Subscribe to Newsletter
Monthly Newsletter: Join more than 3,000 African literature enthusiasts!
Subscribe for African literature news, and receive a free copy of our "Guide to African Novels."

Screen Shot 2017-02-22 at 3.48.15 PM

The jellyfish in this picture stars in the cutest behind-the-scene story ever told in the history of African literature.

We’ve always wondered why Nnedi Okorafor dedicated the first novel in the Binti Trilogy to a jellyfish she met in Khalid Lagoon. Who is this jellyfish? What so special about it? How come did it get to have this amazing, bestselling book dedicated to it?

Jellyfish

In a recent interview with Weird Fiction Review, Nnedi Okorafor cleared the mystery behind the jellyfish affair. She tells the story of their encounter and how the “utterly beautiful” sea creature completely stole her heart and inspired one of her most-beloved series.

***

There’s always a story. Everything I write is connected in some way to my own life. Binti has many beginnings. I was writing this novella series before I knew I was writing it. One of those beginnings was in the UAE. My trip there with my daughter was the first of many…adventures. I had three book festival/events in a row on three continents within 12 days. I come from a very tight knit Nigerian American family. All of my immediate family is in the Chicago area. When I told them I was taking my then ten-year-old daughter with my on a 12 day trip that jumped from Brasilia, Brazil, to Atlanta, Georgia (North America) to Sharjah, the United Arab Emirates, everyone freaked out. In the end, I had to sneak to the airport with her and call them just before the plane took off (yes, I felt horribly guilty).

This trip turned out to be one of the greatest adventures, ever (so far). But by the time I arrived in the UAE with Anya, I was changed. When you jump from a place like Brazil where people are very free with their bodies to the Middle East, where everyone is covered up, and in between you spend time with a huge group of Octavia Butler scholars and fans at a historical African American college (Spelman College) doing a reading in a room full of Hoodoo, you can’t help but be affected. From a Portuguese speaking country, to an English speaking one, to a Arabic speaking one. This was my state of mind when I was walking around the Khalid Lagoon with Anya beneath the 100-degree Middle Eastern sun.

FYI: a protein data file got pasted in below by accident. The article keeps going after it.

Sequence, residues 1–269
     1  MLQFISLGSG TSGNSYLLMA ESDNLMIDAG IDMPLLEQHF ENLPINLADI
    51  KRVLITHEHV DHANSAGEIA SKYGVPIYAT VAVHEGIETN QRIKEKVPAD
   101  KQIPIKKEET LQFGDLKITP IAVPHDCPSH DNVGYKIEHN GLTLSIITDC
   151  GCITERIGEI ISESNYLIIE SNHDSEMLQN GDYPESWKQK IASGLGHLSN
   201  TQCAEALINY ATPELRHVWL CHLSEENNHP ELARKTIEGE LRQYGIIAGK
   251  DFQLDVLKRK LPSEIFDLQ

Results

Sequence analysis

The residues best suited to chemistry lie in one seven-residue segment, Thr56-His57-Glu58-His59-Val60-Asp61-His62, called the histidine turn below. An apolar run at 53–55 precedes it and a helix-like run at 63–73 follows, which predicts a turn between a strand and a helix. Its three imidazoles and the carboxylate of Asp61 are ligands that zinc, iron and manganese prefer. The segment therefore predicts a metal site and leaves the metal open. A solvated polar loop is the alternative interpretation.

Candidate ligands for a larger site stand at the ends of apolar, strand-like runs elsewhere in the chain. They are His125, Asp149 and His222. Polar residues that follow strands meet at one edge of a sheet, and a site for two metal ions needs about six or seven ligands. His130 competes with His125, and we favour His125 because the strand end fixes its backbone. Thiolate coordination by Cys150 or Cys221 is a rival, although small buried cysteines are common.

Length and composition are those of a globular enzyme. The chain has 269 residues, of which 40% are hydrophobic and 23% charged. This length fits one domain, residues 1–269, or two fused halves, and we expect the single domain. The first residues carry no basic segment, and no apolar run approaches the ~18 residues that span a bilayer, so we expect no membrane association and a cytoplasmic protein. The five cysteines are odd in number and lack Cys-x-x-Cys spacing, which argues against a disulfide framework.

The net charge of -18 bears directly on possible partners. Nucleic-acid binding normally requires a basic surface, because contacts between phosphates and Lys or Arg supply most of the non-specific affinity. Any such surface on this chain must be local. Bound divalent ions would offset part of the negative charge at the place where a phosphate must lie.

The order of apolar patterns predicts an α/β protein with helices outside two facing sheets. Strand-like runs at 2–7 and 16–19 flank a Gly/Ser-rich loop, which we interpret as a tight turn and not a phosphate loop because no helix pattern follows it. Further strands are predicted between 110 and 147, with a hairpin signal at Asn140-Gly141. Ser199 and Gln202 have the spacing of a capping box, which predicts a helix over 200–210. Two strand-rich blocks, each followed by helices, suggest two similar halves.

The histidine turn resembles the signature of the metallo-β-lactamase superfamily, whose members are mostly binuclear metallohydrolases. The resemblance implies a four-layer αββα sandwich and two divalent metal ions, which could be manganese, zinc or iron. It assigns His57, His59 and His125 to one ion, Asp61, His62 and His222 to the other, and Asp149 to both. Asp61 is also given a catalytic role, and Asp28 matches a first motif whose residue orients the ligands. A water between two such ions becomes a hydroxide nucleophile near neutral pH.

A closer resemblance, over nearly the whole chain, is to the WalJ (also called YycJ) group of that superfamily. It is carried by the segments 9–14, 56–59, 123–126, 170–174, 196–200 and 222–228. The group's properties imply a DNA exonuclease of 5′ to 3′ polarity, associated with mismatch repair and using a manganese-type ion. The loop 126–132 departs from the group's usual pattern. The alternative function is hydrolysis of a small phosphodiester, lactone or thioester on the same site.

All around me was the futuristic, but still deeply ancient city of Sharjah. I stepped up to the water and looked down. And there, pumping away like it had very important things to do, was the very first live jellyfish I’d ever seen in the wild (I’d seen a man-o-war in Trinidad, but it was dead). It was blue, strong, alien and in my state of mind at the time, utterly beautiful.

In that moment, I knew I’d write about it.

Read the full interview HERE.

 

 

Tags: , ,

I hold a doctorate in English from Duke University and recently joined the Marquette University English faculty as an Assistant Professor. I love teaching African fiction and contemporary British novels. Brittle Paper is the virtual space/station where I play and experiment with ideas on how to reinvent African fiction and literary culture.

No comments yet.

Leave a Reply

Welcome to Brittle Paper, your go-to site for African writing and literary culture. We bring you all the latest news and juicy updates on publications, authors, events, prizes, and lifestyle. Follow us on Twitter and Instagram (@brittlepaper) and sign up for our "I love African Literature" newsletter.

Monthly Newsletter!

Subscribe for African literature news, and receive a free copy of our
"Guide to African Novels."

Archives

Bernardine Evaristo, Chigozie Obioma, & Oyinkan Braithwaite Make 13-Strong Longlist for the 2019 Booker Prize

chigozie obioma, bernardine evaristo, oyinkan braithwaite

The 2019 Booker Prize longlist was announced hours ago, and on it are Bernardine Evaristo for her eighth book Girl, […]

SynCity NG Releases Anniversary Anthology, Introduced by Tendai Huchu, and Announces Prize Winners, Judged by Mukoma wa Ngugi & Leye Adenle

Feast 3D (2)

In celebration of its one-year anniversary, the Nigeria-based African literature blog SynCity NG announced a prize and a call for […]

Ellah Wakatama Allfrey to Lead New Project for Artistic Partnership between University of Manchester and HOME

Ellah Wakatama Allfrey

As part of their three-year artistic partnership, the University of Manchester and the Manchester-based arts venue HOME have created a […]

ReWrite London Calls for Short Fiction Submissions from Black Women & Women of Colour

rewrite london - graph

ReWrite, the London-based platform for Black women and women of colour, founded in 2017 by the Congolese-British writer and facilitator […]

Sunday Times Announces Shortlists for South Africa’s Alan Paton Award & Barry Ronge Fiction Prize

panashe chigumadzi - book - graph - wix.com

Sunday Times has announced the shortlists for the prestigious South African literary prizes: the Alan Paton Award, in its 30th […]

Patrice Nganang’s When the Plums Are Ripe, the Second in His Historical Fiction Trilogy, Tells the Story of Cameroon’s Forced Entry into World War II

patrice nganang

The Cameroonian writer and Stony Brook literature professor Patrice Nganang, who in 2017 was arrested for criticising the country’s 37-year-ruling […]

Thanks for signing up!

Never miss out on new posts. Subscribe to a digest, too:

No thanks, I only want the monthly newsletter.